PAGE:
All Together Now: Tackle Home Projects With a DIY Co-op

My sister Torey moved. Her and her husband are renovating their new house. They have achieved so much in only a couple months, but the remaining to-do record is long. The underlying disorder is sending my Obviously Organized sister into a tailspin. My house is only a couple of years old, however I am working to make it home, so I’ve a list of things to do also.

Last week Torey mentioned she actually had to paint her door. I intended to paint my back doors as soon as the weather cleared. “We ought to work together!” She said. And like this, our DIY co-op was born. We’ve been in business a week, and both of us have crossed a task we had been dreading off our list — and we’re looking forward to crossing off more.

Does this sound like a fantasy come true? Setting up your DIY co-op may not be as simple as a fast telephone call to your sister, but it could be simpler than you think. When considering a possible DIY co-op spouse, ask yourself a couple things.

Is the offender:

• Committed? You need a person who will appear when she states she will. A lot of us have at least one of those friends — we love her to death — but our plans with her always have a fanciful asterisk beside them. If your friend is not reliable, no matter how lovely and talented she is, forget about it. No flaky friends let.

Fun to be with? When you’re tackling tough projects, it is incredibly draining. Being able to laugh with another person can be a lifesaver. Lacking a sense of humor may not be a deal breaker for you, but it is for me.

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Does the offender:

Have projects? Clearly a co-op has to be exceptionally beneficial. If you have a friend who’s rude enough to have her home perfectly up-to-date and superbly in order, don’t bother asking her to be your DIY co-op spouse.

Have equal or complementary abilities, goals and energy levels? This means you need and are capable of accomplishing the same things. Torey and I aren’t DIY wonders, but we can paint and arrange and clean. She’s Obviously Organized and I am not, and we each have areas where we excel and people where the fetal position seems our only option. So far as our intentions go, we want to have organized and clean homes which are havens to our loved ones and friends. We want to create lovely surroundings where you feel great just walking through the doorway. Our differences bring more to the table, and our similarities keep us there. And our energy levels are close enough that we’re ready to work together.

As soon as you’ve found your DIY co-op spouse, you want to schedule work occasions. Be sure to limit them to one house a day. Due to the flexibility in our schedules, Torey and I’ve settled on Monday mornings at her house and Wednesday mornings at mine. If you work at a project full time, then you may choose to work in the evenings or on weekends, and only one DIY day per week could be best. You can choose what works for you.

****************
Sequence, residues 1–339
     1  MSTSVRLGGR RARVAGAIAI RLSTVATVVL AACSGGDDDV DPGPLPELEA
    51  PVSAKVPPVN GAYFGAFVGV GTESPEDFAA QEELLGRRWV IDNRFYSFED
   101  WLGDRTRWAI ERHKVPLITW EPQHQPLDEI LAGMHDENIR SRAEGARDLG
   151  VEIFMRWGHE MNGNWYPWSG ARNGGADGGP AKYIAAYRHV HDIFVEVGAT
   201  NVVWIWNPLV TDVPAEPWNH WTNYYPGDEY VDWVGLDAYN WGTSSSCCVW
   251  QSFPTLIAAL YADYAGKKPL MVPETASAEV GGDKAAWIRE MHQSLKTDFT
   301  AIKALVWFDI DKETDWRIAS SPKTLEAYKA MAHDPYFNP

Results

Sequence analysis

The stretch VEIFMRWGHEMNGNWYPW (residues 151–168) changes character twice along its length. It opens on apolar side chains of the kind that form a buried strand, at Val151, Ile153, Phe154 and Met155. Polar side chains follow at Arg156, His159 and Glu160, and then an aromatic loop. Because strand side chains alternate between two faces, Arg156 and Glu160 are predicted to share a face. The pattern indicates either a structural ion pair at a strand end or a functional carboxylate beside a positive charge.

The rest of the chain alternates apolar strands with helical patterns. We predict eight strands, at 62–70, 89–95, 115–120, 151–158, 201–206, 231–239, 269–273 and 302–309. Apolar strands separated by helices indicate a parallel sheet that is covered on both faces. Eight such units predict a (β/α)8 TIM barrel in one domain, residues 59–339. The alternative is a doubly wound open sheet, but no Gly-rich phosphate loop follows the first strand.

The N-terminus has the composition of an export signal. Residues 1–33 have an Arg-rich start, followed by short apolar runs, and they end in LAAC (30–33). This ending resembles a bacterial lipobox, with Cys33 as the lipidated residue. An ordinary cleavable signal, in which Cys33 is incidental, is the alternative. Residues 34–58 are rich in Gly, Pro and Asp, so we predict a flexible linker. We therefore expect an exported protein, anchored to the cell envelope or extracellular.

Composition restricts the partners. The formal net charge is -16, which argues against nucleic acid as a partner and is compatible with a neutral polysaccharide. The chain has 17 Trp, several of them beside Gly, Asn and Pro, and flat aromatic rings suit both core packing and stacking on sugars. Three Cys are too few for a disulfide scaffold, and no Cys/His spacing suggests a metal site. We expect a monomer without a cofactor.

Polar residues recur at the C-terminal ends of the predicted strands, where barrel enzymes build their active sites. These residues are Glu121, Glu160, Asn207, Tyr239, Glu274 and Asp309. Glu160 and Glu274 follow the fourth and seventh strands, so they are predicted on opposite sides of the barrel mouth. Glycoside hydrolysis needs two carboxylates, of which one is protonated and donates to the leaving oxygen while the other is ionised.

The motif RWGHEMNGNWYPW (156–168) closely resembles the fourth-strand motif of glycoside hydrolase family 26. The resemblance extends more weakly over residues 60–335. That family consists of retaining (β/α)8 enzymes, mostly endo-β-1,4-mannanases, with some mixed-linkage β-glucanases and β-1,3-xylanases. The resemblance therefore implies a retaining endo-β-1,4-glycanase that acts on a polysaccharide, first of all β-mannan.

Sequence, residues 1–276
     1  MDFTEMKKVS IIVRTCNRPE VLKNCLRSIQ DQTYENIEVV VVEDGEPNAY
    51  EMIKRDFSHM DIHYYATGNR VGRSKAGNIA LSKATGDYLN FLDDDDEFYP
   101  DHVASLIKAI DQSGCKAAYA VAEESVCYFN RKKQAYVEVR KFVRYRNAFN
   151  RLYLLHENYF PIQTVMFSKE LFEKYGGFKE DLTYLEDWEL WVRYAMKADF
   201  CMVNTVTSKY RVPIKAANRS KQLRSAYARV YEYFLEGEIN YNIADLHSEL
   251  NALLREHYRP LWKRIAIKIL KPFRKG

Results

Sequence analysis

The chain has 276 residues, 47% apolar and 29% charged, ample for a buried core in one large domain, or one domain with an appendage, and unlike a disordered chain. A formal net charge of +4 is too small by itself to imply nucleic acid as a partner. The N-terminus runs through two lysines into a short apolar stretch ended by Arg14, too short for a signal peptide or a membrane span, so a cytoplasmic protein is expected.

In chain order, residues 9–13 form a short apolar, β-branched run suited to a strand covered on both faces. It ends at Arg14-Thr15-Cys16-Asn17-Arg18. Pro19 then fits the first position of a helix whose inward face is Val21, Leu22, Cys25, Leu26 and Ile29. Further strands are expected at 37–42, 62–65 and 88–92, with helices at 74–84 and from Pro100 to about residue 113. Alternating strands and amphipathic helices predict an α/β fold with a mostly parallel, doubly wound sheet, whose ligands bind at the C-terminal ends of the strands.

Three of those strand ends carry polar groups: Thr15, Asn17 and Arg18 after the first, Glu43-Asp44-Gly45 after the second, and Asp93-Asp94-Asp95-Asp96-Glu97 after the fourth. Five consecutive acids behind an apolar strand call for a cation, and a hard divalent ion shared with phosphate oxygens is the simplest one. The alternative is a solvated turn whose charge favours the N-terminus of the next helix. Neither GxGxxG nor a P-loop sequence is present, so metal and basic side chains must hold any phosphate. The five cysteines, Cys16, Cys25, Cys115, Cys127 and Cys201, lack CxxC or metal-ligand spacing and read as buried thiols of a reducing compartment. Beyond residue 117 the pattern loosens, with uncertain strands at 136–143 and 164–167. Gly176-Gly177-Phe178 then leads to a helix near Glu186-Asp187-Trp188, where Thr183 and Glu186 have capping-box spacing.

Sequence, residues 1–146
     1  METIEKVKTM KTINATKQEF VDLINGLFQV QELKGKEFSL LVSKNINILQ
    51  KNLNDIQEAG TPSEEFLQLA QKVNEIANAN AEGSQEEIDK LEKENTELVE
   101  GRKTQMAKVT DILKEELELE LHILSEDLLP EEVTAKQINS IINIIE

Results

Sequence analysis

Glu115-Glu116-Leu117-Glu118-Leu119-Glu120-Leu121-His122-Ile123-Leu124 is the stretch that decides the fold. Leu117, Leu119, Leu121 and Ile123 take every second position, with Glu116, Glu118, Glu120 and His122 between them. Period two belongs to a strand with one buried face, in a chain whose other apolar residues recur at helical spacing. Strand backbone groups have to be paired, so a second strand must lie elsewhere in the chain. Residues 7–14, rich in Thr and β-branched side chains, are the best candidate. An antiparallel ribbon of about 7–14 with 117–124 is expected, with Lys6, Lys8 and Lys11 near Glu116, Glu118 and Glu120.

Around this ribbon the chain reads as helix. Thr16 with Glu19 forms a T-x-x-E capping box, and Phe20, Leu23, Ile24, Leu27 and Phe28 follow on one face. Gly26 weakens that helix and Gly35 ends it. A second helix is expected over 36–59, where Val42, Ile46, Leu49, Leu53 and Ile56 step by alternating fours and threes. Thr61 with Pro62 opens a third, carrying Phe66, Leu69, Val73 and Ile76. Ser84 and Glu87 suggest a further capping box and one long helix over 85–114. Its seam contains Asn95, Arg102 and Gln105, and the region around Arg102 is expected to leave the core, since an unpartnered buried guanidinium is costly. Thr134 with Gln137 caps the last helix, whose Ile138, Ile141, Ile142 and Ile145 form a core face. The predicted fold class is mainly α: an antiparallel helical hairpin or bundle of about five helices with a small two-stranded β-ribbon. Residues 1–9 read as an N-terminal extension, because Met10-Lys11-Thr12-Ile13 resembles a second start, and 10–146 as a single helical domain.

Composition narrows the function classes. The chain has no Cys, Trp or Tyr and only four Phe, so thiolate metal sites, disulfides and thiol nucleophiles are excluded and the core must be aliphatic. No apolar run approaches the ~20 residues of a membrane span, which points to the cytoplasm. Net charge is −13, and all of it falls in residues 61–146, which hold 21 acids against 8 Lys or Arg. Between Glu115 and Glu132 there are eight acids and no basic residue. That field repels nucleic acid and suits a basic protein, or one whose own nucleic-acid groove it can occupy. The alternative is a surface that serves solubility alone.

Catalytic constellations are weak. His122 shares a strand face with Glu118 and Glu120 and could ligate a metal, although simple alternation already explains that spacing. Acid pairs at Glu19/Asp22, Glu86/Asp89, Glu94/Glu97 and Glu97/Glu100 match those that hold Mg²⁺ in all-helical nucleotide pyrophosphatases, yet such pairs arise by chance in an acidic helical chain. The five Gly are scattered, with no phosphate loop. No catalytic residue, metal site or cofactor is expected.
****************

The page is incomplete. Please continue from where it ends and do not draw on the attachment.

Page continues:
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Establish the Universe Rules

These can evolve, but talk a couple of things through in the beginning, and with your program, correct as you go. This is exactly what Torey and I’ve agreed to:

1. The helper hauls away the crap. A big project will be exhausting for both of you, but if it is your residence, the exhaustion is on a whole ‘nother level, and coping with a pile of trash bags or Goodwill boxes may be the last straw. And from sight is out of thoughts.

On our first workday, we stumbled through the many boxes of Torey along with David’s books. David decided to go electronic with all except art books. We sorted box by box into “maintain,” “contribute” and “market” piles. I bagged everything up and packed it all in my van. That evening David remembered an expensive philosophy novel he wanted to hold on to, but that was it.


2. The host waters and feeds. You are functioning, not entertaining, but you need to eat. Keep it simple: a protein bar, perhaps some fresh veggies or soup, water to drink — even though having coffee brewed could be crucial. Just make certain you have some thing to maintain both of you fueled.

Once You’ve Started

Be firm yet flexible. As soon as you set a day and a time, stay with it. A lot of us struggle internal resistance to accomplishing the goals we say we’ve. It can be hard to begin, but after you do, momentum builds and you continue moving. Cancel only in the face of real emergencies.

Strike it first thing. If there’s a way you can schedule your work time do it. This will give you flexibility for big projects and utilize your peak energy.

Rebekah Zaveloff | KitchenLab

Ask yourself whether you’re giving as much as you’re receiving. This is actually the best way to make sure that the division of work is equal, taking the long term, needless to say. Last week we sorted Torey’s books for an hour or 2 and reorganized my enormous pantry, which took all morning and a number of the day. Torey is not counting the time differential, but I am. Next week we’re going to hit her garage, which has all of the detritus left from their move, and the load ought to be equal.

Check in and reassess. As time passes you may need to correct your days or times or what projects you want to work on.

Your turn: Have you had a casual work co-op? Please share your advice and stories from the Comments.

More: Three Magic Words for a Cleaner House and a Better Life

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